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Discussion Starter #1
I can't find the posting concerning the Lionel 27ohm smoke element in a flyer unit. Someone here suggested using the 18ohm resistor instead as the 27ohm element seems to take a while to heat up. I can't find any 18ohm resistors, and the only one I did find was $15 bucks!! I will not pay that! Secondly, is that small fiberglass sleeve that goes around the element,(resistor) the wick??? It seems like it wouldn't hold much fluid..
 

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The title of the thread is steamer nichrome wire gauge. I do not see anything about an 18 ohm resistor. 27 ohms is less than the original smoke element resistance so it should work ok in most engines. The Lionel resistors are designed for Command Control operation where the track voltage is assumed to be 18V. My Legacy engines with this resistor smoke very well at 10V.
 

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That sleeve, I think, is just to hold the wick close to the resistor. I wrap the resistor with the wick.
Yes, AF called for 40 ohms. The 27 should work fine. The original set ups took awhile to heat up also.

The sleeve is not the wick.
 

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When you take a loop or 2 off a prewound wick and wire you are lowering the ohms. The lower the
ohms the better the smoke but you lower the life of the wire. Not sure how that works on a resistor.
The wire is much thicker. Tom's power system is much better for smoke. He has a constant higher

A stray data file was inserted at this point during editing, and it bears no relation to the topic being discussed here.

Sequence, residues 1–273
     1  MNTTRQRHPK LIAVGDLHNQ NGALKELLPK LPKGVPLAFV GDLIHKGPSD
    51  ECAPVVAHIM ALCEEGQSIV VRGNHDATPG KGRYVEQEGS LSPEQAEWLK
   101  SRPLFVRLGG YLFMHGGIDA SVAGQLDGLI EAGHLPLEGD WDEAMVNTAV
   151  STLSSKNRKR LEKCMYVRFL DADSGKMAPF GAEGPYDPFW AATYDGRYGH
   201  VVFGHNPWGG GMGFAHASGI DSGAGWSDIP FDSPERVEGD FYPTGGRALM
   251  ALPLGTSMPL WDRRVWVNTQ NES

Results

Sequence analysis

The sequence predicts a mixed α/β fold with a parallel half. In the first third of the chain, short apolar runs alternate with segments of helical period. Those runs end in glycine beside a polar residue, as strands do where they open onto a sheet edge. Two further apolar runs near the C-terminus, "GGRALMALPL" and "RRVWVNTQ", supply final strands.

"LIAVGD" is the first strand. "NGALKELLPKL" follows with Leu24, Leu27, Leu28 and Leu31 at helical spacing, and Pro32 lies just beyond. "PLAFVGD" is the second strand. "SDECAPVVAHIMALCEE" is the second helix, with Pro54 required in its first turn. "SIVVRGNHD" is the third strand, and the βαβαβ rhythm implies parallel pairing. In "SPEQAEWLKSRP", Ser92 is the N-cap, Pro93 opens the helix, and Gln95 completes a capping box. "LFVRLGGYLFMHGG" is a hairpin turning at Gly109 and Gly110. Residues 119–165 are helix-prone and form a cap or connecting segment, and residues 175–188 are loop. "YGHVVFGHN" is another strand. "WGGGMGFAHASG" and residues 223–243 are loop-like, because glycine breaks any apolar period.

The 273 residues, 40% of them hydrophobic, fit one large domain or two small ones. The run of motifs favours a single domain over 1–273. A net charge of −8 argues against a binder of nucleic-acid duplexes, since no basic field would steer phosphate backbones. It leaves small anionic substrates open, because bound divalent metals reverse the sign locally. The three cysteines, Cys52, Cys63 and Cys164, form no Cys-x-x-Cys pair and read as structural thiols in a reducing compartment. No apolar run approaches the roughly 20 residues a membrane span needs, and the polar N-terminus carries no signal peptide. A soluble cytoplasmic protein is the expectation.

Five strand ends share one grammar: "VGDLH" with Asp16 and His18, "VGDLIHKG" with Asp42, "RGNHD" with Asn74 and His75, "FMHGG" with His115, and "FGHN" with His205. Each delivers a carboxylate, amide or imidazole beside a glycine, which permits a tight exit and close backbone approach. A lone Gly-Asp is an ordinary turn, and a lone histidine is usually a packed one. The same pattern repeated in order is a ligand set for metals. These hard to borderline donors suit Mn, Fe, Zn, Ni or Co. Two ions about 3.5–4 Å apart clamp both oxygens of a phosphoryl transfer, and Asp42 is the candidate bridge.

voltage to the track. We know higher voltage is better for smoke.

 

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It is hard to accurately compare command control engines smoke output with Gilbert engines running conventional. When I operate with Legacy there is a constant 15V on the track, on the actual Legacy engines I set the smoke level to low and get a lot of smoke. TMCC engines are not adjustable (just on or off) so some of them put out clouds of smoke.
As I stated earlier, I do run some Legacy engines on a conventional layout with a transformer. Track voltage when running is about 10V. In conventional mode a Legacy engine defaults to the High smoke setting. At 10V on High the smoke output is the same as at 15V on the low setting, which is to say, more than most Gilbert engines. What makes this comparison unfair is the Legacy smoke unit is fan driven with a far better arrangement of the wick chamber to get the fluid quickly to the heating element. Sound is generated by electronics so there is no need for tiny 1/8" wick holes and baffles.